Whoever said homeschooling is a journey hit the nail on the head. Going into it, I hadn’t a clue what I was doing or what it was really like. Sure, I’d researched the logistics, chosen my curriculum, read all the blogs, and talked to several people. But not even my thorough investigation into the homeschooling life could have prepared me for the truth of what lie ahead.

1.  Homeschool Burnout is Real

My wake-up call came in the form of homeschool burnout. It’s real folks. Of course, I had read all about it. I’m diligent like that. If you spend any amount of time Googling “homeschool burnout,” you’ll think you know all you need to know about the subject. Wrong. You can read everything anyone has ever written about homeschool burnout and still not fully grasp the weight of the situation, the hopelessness, the anxiety, the fear of failure. But you can bet your sweet bippy you’ll know it when you feel it.

2.  You May Try to Pick Your Homeschool Style, but Sometimes it Picks You

After only about a month into our homeschooling journey, burnout hit me like a ton of bricks. I was trying to fit us into the “school at homehomeschool approach, which only works for certain types of kids. It did not work for my talkative (read: know-it-all gifted/twice-exceptional), hands-on, fidgety son who just resorted to argument whenever I opened my mouth.

He was six. It was ridiculous. (Update: It is less ridiculous now that we’ve learned more about each other, but there is still frequent sighing and eye-rolling going on. I won’t confirm by whom.)

3. Homeschool Co-ops are the Bees Knees — If You Find the Right One for Your Family

When I first started homeschooling, I didn’t have any homeschooling friends to bounce ideas around and to socialize with. Not only did I have to deal with all of that and my failure to teach (or so I had convinced myself), but also I had a newborn on my hands. It was isolating, even for me – the introverted, socially-awkward bookworm who prefers solitude to multitude. No matter who you are, it helps to have cohorts. As long as you find the right ones, which leads me to my next tip.

4.  You Gotta Know When to Hold ‘Em and When to Fold ‘Em

I desperately needed to make some changes. I needed a tribe; so, knowing no other homeschool moms in my area that shared my philosophy, I purposefully sought them out online. We ended up joining a homeschool co-op that met twice a month to go on field trips. I switched curricula to a more project-based/kinesthetic/unit studies approach vs. traditional textbooks and worksheets. Lo and behold, my first grader is thriving! My sanity is also intact. (Update: My now 8 y.o. is doing even better academically, and our days are filled with much less complaining, arguing, and drama. Additionally, we have since learned that the co-op we originally joined, and another we tried after that, did not suit my family’s needs or philosophy of life. Had we known what we know now, we wouldn’t have tried to force ourselves into something that was clearly not a great fit to begin with, no matter how nice and welcoming the people are. Hindsight is 20/20. Since I’ve yet to find a more fitting, specific-to-homeschoolers group in our immediate area, I’ve created my own: Southeast Central Texas Homeschool.)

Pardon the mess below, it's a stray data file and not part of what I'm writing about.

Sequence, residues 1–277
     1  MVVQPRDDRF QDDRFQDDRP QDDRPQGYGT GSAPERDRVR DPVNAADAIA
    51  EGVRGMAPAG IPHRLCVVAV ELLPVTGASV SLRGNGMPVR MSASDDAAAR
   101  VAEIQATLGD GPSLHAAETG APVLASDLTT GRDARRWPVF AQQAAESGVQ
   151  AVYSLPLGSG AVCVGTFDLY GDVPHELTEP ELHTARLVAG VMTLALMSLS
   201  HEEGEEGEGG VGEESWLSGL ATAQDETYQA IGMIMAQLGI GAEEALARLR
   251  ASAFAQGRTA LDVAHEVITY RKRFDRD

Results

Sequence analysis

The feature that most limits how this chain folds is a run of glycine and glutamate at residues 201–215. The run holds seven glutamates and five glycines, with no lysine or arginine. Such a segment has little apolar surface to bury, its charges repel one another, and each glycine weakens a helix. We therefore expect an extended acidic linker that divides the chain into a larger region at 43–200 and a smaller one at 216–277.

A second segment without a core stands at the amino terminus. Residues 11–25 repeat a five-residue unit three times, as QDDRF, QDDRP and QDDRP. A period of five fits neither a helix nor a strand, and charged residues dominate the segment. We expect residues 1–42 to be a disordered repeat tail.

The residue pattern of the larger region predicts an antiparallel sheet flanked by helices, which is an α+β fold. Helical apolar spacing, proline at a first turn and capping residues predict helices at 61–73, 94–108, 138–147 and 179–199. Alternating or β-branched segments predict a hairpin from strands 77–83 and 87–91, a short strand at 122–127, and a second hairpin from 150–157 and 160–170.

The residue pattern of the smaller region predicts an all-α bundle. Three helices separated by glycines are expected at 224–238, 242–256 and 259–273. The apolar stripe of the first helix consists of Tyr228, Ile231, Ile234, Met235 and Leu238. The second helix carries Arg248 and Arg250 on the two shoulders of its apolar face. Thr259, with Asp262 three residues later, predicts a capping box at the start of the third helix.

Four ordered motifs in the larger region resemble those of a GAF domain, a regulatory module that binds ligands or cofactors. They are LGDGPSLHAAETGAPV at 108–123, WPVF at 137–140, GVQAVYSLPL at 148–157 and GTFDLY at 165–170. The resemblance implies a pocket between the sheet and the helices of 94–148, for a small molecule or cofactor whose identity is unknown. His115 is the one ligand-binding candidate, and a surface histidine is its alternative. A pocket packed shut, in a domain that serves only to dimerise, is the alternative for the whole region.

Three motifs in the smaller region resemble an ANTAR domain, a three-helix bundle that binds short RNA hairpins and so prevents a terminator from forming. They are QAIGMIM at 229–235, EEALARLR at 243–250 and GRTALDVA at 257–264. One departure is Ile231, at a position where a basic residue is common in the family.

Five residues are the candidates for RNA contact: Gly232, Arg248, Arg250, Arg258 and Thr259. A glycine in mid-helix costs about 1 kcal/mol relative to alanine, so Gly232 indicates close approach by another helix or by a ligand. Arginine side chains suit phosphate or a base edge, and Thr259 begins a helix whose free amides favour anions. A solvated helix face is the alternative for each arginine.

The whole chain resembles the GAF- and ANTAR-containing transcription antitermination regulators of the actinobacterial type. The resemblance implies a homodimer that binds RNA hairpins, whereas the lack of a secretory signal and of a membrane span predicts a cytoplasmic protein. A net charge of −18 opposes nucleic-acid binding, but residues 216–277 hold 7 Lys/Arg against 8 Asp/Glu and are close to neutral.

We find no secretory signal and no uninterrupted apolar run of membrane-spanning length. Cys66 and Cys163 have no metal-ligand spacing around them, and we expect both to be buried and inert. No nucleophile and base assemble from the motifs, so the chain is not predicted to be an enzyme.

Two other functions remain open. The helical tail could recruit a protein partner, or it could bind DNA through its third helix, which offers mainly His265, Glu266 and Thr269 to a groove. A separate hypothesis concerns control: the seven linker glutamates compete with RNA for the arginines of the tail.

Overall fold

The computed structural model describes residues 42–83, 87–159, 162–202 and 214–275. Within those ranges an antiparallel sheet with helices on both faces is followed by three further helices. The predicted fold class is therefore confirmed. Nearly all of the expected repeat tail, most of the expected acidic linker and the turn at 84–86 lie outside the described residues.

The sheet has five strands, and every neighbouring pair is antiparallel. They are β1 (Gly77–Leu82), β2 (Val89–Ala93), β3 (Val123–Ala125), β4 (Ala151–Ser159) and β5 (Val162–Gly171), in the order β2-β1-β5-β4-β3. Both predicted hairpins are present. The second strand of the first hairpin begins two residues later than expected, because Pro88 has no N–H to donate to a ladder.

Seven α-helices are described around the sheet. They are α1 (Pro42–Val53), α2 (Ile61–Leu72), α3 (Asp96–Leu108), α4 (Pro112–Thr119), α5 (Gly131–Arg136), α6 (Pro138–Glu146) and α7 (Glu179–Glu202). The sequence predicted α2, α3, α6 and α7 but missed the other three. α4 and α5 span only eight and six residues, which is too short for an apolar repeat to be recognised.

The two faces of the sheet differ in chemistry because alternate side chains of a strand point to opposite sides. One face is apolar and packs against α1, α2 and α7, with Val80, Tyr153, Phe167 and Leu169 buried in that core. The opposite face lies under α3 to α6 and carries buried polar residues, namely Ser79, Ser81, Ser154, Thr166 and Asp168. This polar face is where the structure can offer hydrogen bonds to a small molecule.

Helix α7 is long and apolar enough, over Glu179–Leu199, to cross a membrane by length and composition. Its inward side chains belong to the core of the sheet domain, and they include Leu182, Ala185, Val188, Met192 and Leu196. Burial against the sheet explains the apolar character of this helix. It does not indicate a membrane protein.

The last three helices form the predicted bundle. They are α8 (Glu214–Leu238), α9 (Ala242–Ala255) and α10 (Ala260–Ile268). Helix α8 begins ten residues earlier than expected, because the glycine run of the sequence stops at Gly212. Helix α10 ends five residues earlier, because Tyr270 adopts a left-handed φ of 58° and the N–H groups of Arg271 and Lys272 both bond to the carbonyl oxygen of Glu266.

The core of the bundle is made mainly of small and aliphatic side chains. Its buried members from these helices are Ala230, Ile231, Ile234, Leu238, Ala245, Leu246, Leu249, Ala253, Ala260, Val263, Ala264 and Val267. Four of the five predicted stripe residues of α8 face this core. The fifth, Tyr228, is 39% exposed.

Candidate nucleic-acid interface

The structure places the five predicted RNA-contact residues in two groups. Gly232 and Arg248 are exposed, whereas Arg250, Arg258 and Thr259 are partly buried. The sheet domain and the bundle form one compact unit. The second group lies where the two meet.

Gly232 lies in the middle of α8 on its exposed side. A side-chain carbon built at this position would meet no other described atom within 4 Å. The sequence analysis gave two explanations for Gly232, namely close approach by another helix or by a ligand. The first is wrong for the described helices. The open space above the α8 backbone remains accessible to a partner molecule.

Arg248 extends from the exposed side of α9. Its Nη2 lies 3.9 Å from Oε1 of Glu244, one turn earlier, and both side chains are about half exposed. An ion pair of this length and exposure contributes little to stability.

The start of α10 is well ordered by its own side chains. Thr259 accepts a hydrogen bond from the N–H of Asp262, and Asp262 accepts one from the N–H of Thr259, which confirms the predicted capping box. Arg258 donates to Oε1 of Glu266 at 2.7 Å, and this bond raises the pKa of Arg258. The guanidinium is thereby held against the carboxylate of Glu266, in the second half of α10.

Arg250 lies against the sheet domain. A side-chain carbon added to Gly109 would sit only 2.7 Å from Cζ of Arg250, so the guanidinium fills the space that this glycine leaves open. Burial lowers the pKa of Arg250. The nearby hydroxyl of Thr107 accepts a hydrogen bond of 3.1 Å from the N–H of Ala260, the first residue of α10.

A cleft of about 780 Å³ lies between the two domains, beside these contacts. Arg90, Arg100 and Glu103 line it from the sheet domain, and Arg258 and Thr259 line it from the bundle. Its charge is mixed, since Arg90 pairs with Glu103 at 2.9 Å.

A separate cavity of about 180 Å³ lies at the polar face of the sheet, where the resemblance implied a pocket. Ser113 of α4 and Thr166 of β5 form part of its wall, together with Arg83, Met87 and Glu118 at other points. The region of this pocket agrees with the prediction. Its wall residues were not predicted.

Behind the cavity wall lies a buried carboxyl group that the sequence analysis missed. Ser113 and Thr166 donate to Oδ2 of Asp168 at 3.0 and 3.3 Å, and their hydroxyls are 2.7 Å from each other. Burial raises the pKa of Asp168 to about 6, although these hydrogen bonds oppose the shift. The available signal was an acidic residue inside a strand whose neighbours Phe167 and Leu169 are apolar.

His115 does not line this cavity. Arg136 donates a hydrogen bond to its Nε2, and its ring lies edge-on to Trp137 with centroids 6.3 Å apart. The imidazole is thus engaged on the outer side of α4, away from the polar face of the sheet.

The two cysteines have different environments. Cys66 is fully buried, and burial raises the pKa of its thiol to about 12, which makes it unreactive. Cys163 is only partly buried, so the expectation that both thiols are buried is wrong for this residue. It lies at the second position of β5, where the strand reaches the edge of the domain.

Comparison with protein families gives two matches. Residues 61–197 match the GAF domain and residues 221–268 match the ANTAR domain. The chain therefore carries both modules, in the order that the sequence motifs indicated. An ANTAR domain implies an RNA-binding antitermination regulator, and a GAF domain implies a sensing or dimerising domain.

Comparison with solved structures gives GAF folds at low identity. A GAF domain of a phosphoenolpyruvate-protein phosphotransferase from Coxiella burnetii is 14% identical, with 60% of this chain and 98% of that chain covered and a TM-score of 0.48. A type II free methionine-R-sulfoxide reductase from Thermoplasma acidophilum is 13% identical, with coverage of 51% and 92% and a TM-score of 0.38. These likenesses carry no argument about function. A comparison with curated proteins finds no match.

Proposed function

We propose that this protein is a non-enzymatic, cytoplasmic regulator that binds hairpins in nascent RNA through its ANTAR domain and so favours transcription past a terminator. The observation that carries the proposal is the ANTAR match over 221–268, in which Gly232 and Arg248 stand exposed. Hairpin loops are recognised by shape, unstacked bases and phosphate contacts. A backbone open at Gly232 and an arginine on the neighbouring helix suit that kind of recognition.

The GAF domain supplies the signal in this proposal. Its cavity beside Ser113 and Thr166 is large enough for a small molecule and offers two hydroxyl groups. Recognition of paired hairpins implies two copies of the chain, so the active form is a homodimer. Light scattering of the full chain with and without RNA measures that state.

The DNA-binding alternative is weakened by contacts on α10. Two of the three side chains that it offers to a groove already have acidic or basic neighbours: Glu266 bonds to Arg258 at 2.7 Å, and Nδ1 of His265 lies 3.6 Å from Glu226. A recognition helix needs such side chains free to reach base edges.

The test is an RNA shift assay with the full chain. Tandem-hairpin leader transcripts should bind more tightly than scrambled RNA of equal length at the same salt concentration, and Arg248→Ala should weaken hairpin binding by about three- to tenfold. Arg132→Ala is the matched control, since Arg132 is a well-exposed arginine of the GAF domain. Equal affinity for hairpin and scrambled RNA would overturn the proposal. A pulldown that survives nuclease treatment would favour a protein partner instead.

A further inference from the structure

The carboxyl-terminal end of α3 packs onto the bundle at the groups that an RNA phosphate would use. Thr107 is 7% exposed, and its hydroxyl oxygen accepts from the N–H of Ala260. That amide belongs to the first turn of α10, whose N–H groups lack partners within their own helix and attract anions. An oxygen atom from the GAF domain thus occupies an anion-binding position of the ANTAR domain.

5. It’s Cool To Unschool, Especially When Your Baby/Toddler is Wreaking Havoc on Your Best-Laid Plans

Another “obvious” tip I learned was to school when the baby/toddler is napping, eating, or playing by herself. It was hard for me to let go of the rigid schedule I had set for us and to go with the flow, but babies/toddlers don’t follow anyone’s schedule but their own, and they are extremely demanding of time! (I seemed to have forgotten this between kid #1 and kid #2.) I still have goals laid out for the day, week, and year; however, if I find it’s just not working that day, we simply unschool and “catch up” later.

Even though I now have a toddler to contend with, our days have become more rhythmic. I’ve found that homeschooling really is a lifestyle, and capitalizing on those teachable moments is truly a necessity. There have been several times where we had to veer away from our designated curriculum due to illness or otherwise, and when we came back around to it, my son breezed through the material because we already covered it numerous times in real life!

Truths From My Homeschooling Journey

Whether you’re new to this homeschooling thing or you’re simply curious about the lifestyle, let me share a few final bonus tips:

  • Reading as much as you can about homeschooling beforehand is good.
  • Seeking guidance from those who have gone before is even better.
  • Expecting the homeschool journey to be a wild ride is best of all.

The truth is, while you will most certainly cross some rough terrain, you and your child(ren) will be more resilient and knowledgeable about each other and also the world in the long run. If you enjoyed this post, check out my community website!

Posted on Leave a comment

I’m Not (fill in the blank), I’m Gifted

Real Life

The dentist asks my seven-year-old son what grade he’s in, and he stares at the wall behind her, wondering what she means exactly

You know the look.

Does she mean what grade level am I on, and if so, which subject? Should I say I’m homeschooled? Why does she want to know? Does she even know what homeschooling is about? Am I gonna have to explain that to her? Continue reading I’m Not (fill in the blank), I’m Gifted